And, even if Trump somehow found his way into the White House, the longtime Washington hands envision him operating as a pragmatist, leaving their power unchecked.
“We can live with Trump,” said Richard F. Hohlt, a veteran lobbyist, reflecting his colleagues’ sentiment at a Republican National Committee meeting last week in Charleston, South Carolina. “Do they all love Trump? No. But there’s a feeling that he is not going to layer over the party or install his own person. Whereas Cruz will have his own people there.”
Moreover, some say that Trump’s campaign could serve as a much-needed release valve for a Republican electorate.
The debate essentially revolves around what is more important — who controls the party, or what the party stands for.
It is a reminder that, even within the mainstream of the Republican Party, there are competing interests and values. Some of the intellectuals view the other faction as crass mercenaries more interested in protecting their access than in fighting for lofty principles. The lobbyists, strategists and elected officials perceive the intellectuals as aloof ideologues who do not have to worry about getting elected, building coalitions or governing.
Some of what turns the Washington class of operatives and elected officials away from Cruz, and toward Trump, is personality.
Cruz is viewed by many Republicans in Washington as stubborn and overweening. They say his record of attacking his Senate colleagues and taking relentlessly hard-line positions shows that he would have difficulty unifying the party.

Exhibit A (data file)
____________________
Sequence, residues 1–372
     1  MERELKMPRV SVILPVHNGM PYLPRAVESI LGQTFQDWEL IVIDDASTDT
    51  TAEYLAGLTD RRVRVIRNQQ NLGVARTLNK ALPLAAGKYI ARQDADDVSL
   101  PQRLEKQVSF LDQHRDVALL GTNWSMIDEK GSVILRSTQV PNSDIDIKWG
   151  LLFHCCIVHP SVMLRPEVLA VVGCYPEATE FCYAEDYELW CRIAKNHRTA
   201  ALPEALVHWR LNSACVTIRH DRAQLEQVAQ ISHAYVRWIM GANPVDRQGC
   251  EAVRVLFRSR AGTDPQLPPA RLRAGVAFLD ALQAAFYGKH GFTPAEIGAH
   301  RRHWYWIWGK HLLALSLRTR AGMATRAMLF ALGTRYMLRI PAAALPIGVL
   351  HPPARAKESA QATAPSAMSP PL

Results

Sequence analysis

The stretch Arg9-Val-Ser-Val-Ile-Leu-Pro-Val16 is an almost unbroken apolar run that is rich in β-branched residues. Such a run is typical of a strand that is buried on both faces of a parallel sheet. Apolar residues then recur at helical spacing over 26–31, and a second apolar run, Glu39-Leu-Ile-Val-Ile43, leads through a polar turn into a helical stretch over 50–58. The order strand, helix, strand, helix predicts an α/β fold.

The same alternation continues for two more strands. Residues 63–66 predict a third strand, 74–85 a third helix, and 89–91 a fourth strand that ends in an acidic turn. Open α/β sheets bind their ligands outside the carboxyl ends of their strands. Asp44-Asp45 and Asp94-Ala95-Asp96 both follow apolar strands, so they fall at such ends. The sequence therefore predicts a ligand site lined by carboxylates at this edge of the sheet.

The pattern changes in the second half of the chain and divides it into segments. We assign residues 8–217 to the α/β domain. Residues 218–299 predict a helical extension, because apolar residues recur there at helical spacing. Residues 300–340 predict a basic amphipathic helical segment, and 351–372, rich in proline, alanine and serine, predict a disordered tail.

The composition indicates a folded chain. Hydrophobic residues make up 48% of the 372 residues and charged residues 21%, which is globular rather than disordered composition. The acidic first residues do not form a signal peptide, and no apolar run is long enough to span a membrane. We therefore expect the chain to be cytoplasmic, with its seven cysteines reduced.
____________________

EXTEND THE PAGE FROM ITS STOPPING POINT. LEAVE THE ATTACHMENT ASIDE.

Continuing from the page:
If Cruz were the party’s nominee, said Charles R. Black Jr., a lobbyist who has worked on numerous Republican presidential campaigns, “what would happen is a lot of the elected leaders and party elders would try to sit down and try to help Cruz run a better campaign, but he may not listen. Trump is another matter.”
“You can coach Donald,” Black said. “If he got nominated he’d be scared to death. That’s the point he would call people in the party and say, ‘I just want to talk to you.’”
Trump is also a recognizable type in the political world. A wealthy businessman, he has given money to donation-hungry candidates for decades, often welcoming the supplicants to his Manhattan office. He has also employed a small stable of lobbyists in Washington, such as Black, and in state capitals to promote his real estate and casino empire. He has had large law and lobbying firms on retainer.
Kristol, the editor of The Weekly Standard, said the personal contempt for Cruz among some Republican insiders was blinding.
“Cruz is so hated in Washington that there’s this distortion about him that he’s outside the bounds of what is plausible in American politics,” Kristol said.
But some establishment-aligned figures, while acknowledging their disdain for Cruz, said the case against him was not merely personal. They argue that Trump has the potential to bring out new voters, who may also vote for Republicans lower on the ballot. They predict that Cruz would draw support in only a handful of states and would reorient the party around a hard-line conservatism.
“Trump won’t do long-lasting damage to the GOP coalition,” said John Feehery, a Capitol Hill aide turned lobbyist. “Cruz will.”
Source: (c) 2016 New York Times News Service